"We're still 1 percent to where we should be. I feel a deep sense of responsibility to try to move things along. Not enough people are focused on big change. Part of what I'm trying to do is take Google as a case study and really scale our ambition such that we are able to cause more positive change in the world and more technological change."
"I have a deep feeling that we are not even close to where we should be."
Those sound like the words of a CEO of a company struggling technologically. But surprisingly the come from Larry Page, the current CEO of Google -- the maker of the world's most used search engine, most used online advertising service, and most used smartphone operating system platform.
In a new interview with Fortune, Mr. Page emphasizes Google's philosophy on how it differs from competitors. He says that most rivals who have issues with Google are more worried about themselves than their end users, where as at Google it's all about providing the best experience for the end user, which is built on the premise of openness. By providing Google services on as many platforms as possible (even those of arch-nemesis Apple), Mr. Page says customers will have access to the best options on the market.
As for Apple locking out Google Maps and other apps from iOS 6, he simply comments, "We try pretty hard to make our products be available as widely as we can. That's our philosophy. I think sometimes we're allowed to do that. Sometimes we're not."
he CEO accuses Apple (and its late CEO Steven P. Jobs) as being overly fixated on Google. Reiterating his comments from a previous interview, he says that Apple's legal campaign against Google is partly to rally the company against its competitor.
But he says that if you're fixated on your competitor, you're not looking forward at your own future. He remarks, "I don't like to rally my company in that way because I think that if you're looking at somebody else, you're looking at what they do now, and that's not how again you stay two or three steps ahead."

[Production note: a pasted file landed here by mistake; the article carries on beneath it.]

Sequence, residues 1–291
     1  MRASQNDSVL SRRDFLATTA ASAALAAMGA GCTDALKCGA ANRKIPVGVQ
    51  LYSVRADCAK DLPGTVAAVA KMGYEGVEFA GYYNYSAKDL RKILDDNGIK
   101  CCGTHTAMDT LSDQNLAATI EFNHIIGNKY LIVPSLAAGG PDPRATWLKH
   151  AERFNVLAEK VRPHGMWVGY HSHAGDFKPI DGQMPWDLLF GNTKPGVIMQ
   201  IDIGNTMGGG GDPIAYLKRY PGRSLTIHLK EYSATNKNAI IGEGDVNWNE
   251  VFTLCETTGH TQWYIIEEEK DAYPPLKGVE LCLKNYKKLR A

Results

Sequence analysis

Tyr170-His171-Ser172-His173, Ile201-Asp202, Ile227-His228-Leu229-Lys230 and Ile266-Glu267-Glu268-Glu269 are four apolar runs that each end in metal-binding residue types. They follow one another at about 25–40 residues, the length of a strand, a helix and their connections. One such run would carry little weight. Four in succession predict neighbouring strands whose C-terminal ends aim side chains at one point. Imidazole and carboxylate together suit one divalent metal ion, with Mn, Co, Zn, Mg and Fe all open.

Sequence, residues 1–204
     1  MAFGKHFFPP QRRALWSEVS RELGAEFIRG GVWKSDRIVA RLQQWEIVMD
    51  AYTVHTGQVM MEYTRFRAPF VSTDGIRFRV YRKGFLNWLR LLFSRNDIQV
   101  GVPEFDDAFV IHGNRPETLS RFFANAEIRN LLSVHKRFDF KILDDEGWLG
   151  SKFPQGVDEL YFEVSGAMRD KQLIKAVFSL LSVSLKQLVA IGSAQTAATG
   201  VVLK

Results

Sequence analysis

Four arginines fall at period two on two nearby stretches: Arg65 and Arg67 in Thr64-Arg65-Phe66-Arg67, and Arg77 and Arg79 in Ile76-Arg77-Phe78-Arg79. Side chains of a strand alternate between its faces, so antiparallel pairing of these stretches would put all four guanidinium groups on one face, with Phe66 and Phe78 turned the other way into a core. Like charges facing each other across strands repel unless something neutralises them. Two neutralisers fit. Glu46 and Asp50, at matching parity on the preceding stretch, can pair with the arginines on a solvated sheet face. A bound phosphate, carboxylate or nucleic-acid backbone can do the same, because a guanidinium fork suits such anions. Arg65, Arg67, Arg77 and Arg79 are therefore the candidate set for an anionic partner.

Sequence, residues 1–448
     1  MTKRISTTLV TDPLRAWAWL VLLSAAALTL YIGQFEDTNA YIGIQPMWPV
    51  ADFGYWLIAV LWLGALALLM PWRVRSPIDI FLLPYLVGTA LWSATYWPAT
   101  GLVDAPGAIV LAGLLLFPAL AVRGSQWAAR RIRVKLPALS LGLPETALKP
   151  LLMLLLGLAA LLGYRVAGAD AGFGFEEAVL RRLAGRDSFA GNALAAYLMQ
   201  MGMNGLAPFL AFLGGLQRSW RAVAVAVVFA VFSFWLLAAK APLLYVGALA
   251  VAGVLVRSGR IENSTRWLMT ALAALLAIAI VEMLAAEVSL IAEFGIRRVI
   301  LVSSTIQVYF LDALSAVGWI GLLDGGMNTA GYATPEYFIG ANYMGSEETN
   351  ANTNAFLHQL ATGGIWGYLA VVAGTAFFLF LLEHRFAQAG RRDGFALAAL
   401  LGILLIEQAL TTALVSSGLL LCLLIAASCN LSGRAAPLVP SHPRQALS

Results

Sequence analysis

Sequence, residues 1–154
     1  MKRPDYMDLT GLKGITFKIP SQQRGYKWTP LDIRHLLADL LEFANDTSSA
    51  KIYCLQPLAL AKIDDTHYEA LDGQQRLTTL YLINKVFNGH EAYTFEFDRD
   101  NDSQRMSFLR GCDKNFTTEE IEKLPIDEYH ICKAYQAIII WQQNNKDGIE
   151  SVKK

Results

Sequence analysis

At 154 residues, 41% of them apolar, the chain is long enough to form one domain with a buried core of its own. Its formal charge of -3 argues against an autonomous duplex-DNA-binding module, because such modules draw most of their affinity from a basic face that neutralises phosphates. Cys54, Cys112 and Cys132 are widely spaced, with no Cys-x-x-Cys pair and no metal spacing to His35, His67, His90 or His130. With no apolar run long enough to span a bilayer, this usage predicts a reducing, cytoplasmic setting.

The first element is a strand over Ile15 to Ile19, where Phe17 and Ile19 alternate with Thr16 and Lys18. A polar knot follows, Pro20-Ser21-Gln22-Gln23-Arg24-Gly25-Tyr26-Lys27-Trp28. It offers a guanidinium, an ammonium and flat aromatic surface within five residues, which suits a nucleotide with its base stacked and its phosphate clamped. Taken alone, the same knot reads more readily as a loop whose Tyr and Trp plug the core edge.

To him, Google has no real "competitors". He comments, "I feel my job is mostly getting people not to think about our competition. In general I think there's a tendency for people to think about the things that exist."
The interviewer asks about Google's so-called "70-20-10 model" in which 70 percent of the company's spending is devoted to search/advertising, 20 percent is devoted to apps (like Google Docs), and 10 percent is devoted to experimental efforts (like self-driving cars and Project Glass).
He says that Google still mostly follows that model, but that some projects fall on the border of categories. He comments, "So where would you put Android? It's probably in the 70 in terms of impact -- the monetization is at an early stage."
As for Google Plus, he says the social network is faring "pretty well" and is "improving". He suggests that with Plus and other services users may not have received quite what they initially expected, but that Google's philosophy is that users must get accustomed to services before making judgements.
As for how long he will remain CEO at Google (Eric Schmidt was chief for 10 years), he says, "I don't know. It seems impossible to predict."